Late Season

January Food Plots

Alsheimer: Bucks Trying to Gain Weight in January

By early January northern whitetails have two things on their mind, eating and surviving. In order to maintain core body temperature they must find adequate food. It is not uncommon for bucks to lose over 20% of their pre-rut body weight from the stresses of the rut. Therefore it is critical for them to...

Bucks Still Fight in December, January

Alsheimer: Bucks Still Fight in January

A mature whitetail buck’s drive for dominance never ends. There is no question that a buck’s aggressiveness peaks in November in the North. However, when the rut ends fighting does not. It has been my experience that during December and early January just as many injuries and broken antlers occur as in November. A...

Bucks will still rub late season, though not nearly at their rut-time levels. (Photo copyright Charles J. Alsheimer)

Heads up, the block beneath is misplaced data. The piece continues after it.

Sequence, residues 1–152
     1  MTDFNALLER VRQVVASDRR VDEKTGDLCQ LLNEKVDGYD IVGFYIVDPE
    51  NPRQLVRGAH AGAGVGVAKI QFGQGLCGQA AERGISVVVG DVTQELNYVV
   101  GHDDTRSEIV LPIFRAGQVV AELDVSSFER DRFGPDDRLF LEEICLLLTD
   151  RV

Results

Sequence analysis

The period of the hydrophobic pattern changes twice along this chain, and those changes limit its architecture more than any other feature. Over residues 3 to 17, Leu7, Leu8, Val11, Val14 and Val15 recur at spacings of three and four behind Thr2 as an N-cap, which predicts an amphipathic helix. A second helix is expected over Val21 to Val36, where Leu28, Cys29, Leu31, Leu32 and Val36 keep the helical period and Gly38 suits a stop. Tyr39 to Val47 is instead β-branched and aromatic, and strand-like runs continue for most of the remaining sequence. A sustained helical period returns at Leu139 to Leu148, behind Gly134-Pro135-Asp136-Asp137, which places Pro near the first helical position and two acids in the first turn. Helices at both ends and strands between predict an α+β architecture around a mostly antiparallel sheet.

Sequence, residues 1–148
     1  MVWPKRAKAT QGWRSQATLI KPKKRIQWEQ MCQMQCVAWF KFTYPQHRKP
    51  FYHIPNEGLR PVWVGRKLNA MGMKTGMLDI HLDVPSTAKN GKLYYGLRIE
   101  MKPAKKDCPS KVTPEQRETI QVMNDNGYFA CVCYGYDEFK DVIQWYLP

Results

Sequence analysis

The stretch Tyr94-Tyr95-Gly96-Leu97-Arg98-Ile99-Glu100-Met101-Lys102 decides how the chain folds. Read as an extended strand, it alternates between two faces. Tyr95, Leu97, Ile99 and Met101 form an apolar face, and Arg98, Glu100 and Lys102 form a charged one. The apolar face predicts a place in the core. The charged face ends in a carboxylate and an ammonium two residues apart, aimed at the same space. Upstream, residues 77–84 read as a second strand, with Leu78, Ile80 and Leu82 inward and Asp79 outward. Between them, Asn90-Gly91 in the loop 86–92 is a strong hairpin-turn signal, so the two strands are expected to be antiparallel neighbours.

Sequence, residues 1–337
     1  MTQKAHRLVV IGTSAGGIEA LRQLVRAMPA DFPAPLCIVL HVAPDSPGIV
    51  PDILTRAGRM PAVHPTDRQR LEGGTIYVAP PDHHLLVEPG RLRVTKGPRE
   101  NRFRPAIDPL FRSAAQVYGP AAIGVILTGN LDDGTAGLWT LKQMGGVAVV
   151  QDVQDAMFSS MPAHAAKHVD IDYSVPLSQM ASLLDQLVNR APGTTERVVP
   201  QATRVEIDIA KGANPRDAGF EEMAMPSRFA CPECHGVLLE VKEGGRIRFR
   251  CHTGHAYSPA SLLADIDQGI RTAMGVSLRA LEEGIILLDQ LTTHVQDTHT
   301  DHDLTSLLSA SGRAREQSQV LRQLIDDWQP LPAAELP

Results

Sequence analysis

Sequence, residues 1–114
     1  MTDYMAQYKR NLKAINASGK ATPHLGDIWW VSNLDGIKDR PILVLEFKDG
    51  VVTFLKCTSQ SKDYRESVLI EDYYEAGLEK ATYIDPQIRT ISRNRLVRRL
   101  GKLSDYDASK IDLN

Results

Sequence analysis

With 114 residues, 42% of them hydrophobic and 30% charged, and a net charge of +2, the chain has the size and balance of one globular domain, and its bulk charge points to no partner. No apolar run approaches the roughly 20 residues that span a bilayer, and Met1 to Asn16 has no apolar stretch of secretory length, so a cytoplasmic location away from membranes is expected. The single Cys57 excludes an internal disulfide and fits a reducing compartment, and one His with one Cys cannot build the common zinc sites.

Alsheimer: Bucks Still Rub After Breeding is Done

By the end of December northern bucks have pretty much lost interest in does, so their desire to breed is a thing of the past. One rutting behavior that is tough for bucks to turn off is rubbing. In spite of decreased testosterone levels bucks will make rubs until they cast their antlers. However,...

December can mean a 'second rut' in northern climates, which might include larger doe fawns. (Photo copyright Charles J. Alsheimer)

Alsheimer: ‘Second Rut’ Offers Second Chance at Bucks

In fine-tuned deer herds, the majority of breeding will be over by the time December’s recovery period is in full swing.  However, on good whitetail range where the herd is healthy and the fawns of the season are large enough, some December breeding will occur. In my area of western New York, many doe...